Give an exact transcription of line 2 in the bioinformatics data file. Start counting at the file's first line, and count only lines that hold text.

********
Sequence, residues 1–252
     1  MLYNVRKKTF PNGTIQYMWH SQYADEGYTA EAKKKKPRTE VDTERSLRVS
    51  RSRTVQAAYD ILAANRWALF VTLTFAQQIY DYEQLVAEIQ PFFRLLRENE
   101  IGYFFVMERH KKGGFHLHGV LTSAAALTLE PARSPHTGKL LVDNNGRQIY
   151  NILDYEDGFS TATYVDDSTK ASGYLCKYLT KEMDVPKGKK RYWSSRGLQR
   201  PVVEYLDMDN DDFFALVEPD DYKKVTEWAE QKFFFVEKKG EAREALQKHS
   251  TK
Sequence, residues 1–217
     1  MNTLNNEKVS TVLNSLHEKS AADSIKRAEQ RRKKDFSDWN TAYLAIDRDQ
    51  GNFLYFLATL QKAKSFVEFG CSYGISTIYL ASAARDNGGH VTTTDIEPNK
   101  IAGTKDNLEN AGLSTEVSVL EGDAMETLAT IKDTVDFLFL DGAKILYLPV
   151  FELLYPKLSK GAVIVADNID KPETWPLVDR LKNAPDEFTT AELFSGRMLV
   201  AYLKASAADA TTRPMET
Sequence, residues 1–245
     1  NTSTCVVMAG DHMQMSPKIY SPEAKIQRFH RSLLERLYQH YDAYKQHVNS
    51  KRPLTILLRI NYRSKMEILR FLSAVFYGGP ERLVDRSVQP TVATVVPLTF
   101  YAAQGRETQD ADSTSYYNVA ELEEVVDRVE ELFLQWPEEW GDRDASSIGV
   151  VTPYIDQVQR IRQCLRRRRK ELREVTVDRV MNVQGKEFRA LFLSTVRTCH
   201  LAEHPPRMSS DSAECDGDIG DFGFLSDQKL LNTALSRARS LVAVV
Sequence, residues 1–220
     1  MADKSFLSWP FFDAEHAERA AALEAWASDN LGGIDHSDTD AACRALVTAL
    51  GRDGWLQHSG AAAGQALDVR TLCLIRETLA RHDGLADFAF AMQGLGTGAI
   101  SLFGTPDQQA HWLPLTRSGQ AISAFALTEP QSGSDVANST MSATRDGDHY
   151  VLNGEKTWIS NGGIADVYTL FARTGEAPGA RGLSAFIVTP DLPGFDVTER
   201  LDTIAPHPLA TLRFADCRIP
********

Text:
     1  MLYNVRKKTF PNGTIQYMWH SQYADEGYTA EAKKKKPRTE VDTERSLRVS